Goodwin, meanwhile, said public corruption "is obviously one of the most significant crimes we deal with, it goes to the very foundation of our democracy."

"When people cannot have faith in their government institutions, it creates incredibly difficult circumstances, especially when a perception of systemic corruption exists in a particular county or particular region," he said. "My emphasis on corruption goes back to my early years as an assistant U.S. attorney."

Goodwin said he prosecuted a case shortly after arriving to the U.S. Attorney's Office that became a racketeering case against Magistrate Danny Wells in Logan County.

"What ended up happening ... as we investigated that case, we uncovered his relationship with a local attorney who also happened to be a longtime former mayor of Logan," Goodwin said. "We approached that individual, he entered into a plea agreement with him and used him as a confidential informant, I think for a couple of years.

"We ran him undercover for the House of Delegates, we made dozens of recordings and ended up prosecuting dozens of individuals, including a county clerk, a county sheriff and a number of politicians in addition to that magistrate."

There have been similar prosecutions in other counties, he pointed out.

But, like the locust, the problem keeps coming back.

Stuck on repeat

As the long arm in the law in the center of the cycle for so many years, some would say it would be easy for Goodwin to lose hope.

"One of my favorite movies is ‘The Incredibles,'" Goodwin said. "It's about a group of superheroes, a family of superheroes.

"There's a monologue at the beginning, it's like an old 1950s movie reel and Mr. Incredible says something to the effect that, ‘No matter how many times you save the world, it's always manages to get in jeopardy again. Sometimes I just want it to stay saved, you know, for a little bit? I feel like the maid; I just cleaned up this mess — can we just keep it clean for 10 minutes?'"

Goodwin said the process is frustrating, but to a certain extent, he's been encouraged.

"Invariably, I'm asked if I think we're having an effect, if prosecution is having an effect on corruption in those counties and in southern West Virginia in general," Goodwin added. "I really do think it has. You need to look no further than our most recent round of Lincoln County prosecutions.

Goodwin said his office became used to seeing and prosecuting vote buying in both Lincoln and Logan counties.

"But what we're seeing now isn't vote buying," he said. "Instead, they were using the absentee ballot process to generate hundreds of ballots that were fraudulent.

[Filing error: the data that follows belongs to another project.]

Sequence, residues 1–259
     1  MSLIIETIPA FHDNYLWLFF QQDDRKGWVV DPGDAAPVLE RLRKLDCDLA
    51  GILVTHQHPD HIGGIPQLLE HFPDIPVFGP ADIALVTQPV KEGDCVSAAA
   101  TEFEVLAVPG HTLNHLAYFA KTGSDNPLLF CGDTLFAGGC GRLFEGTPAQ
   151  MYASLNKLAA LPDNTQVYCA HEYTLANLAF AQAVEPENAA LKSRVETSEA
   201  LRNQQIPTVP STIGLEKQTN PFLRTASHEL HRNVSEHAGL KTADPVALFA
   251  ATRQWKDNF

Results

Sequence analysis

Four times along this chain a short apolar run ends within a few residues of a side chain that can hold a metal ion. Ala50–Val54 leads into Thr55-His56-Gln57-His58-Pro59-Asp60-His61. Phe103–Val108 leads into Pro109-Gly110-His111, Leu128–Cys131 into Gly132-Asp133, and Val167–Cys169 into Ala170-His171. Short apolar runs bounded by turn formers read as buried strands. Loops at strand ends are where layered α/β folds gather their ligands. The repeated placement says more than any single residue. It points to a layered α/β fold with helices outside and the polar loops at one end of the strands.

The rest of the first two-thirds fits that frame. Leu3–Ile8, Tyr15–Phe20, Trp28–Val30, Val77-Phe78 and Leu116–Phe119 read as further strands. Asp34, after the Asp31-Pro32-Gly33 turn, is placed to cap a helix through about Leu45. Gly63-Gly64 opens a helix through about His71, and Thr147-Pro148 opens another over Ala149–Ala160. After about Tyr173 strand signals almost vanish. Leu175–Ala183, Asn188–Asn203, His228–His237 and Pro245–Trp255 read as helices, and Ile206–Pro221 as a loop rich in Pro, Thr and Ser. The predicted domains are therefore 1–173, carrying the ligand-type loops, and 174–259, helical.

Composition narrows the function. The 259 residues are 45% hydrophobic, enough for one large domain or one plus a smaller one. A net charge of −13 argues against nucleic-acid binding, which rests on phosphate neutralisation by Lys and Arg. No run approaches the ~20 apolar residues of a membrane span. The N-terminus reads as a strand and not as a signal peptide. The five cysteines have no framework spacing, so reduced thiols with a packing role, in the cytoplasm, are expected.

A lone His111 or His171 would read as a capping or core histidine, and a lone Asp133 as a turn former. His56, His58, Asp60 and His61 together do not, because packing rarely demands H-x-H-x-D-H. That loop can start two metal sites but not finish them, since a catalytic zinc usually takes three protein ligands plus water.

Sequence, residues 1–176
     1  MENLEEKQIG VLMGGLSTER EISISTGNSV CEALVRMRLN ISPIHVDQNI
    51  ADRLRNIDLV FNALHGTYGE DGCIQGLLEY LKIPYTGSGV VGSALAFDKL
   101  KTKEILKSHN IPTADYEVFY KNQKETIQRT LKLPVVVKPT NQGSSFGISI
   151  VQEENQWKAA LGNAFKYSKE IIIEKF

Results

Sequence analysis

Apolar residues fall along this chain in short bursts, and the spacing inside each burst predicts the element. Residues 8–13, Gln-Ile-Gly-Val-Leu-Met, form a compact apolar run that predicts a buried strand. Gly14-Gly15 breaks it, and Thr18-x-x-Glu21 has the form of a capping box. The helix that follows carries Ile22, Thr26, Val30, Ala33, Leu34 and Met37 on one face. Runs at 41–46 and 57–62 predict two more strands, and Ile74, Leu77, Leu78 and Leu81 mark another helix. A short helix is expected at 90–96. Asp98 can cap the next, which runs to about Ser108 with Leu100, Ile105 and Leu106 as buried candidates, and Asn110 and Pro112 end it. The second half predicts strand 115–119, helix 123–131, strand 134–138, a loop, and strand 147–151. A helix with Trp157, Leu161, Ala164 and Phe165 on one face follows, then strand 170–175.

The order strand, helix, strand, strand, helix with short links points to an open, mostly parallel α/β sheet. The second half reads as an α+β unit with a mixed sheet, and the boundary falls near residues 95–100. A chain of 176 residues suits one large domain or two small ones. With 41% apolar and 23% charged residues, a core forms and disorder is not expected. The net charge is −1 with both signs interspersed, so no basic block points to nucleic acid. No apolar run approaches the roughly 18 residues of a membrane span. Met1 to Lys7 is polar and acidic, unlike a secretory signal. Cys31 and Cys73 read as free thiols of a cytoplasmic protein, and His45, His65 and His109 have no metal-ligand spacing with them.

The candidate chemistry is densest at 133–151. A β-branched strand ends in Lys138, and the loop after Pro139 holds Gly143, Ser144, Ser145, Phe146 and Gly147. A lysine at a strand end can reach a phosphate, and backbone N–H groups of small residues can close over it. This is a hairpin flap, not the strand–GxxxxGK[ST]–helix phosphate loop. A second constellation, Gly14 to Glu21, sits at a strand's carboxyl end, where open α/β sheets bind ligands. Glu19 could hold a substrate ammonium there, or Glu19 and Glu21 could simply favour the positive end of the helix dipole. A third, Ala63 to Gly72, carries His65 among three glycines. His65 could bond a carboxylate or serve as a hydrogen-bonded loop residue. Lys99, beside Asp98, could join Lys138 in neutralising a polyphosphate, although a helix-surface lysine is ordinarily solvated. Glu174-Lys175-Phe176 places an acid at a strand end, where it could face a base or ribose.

"They're definitely not vote buying, but it ended up being the kind of crime that was easier to detect and ultimately easier to prosecute for us — we found a hundred different absentee ballots filled out with the same handwriting, those sorts of things. Criminals are adapting, but they're not evolving."

A deeper problem

He said the problem goes much deeper than just public corruption.

"It's pretty much the same with every crime we work on," he said. "I often say, we can weed the garden, we can take out the bad weeds, we can even till it, but it takes people to plant the seed, grow it and restore (confidence in the political system)."

Goodwin said communities have to come together to share the message that "enough is enough.

"It hasn't really made the headlines, but every time there's a development in a public corruption case we've tried to emphasize that the last thing people should do is give up and say, ‘It's never going to change, so why should I get involved?'" he said. "In fact, what they should do — and what they must do — is demand change.

"People need to stay engaged and involved in their communities and in their governments."

Loughry, too, said the danger is that society becomes anesthetized to its problems rather than seeking solutions.

"I think it's important, particularly for the next generation of West Virginians, the younger generation, to get involved," Loughry said. "They have to be the ones to come forward to try and change things.

"What are some of the results of corruption? Voter apathy, fiscal irresponsibility, generations of distrust of government."

Loughry said the message must change.

"Are things the same as they were in the 1960s in West Virginia? Absolutely not," he said. "However, that doesn't mean we celebrate that and just move forward.

"We should always strive to have the most ethical people in place in our governmental structure."

Loughry said when he has a chance to talk to young people, "I try to encourage them and let them know they can make a difference, they can get involved."

"The one thing that non-politicians in West Virginia agree on is that the system is in need of drastic reform," Loughry wrote in 2006. "The problem, however, is that most people have such little confidence in a system that has let them down so many times that talk of reform sometimes seems like an exercise in futility. The lack of confidence in state government and elected officials is precisely why a massive overhaul of the entire system is necessary to restore integrity to the idea of public service."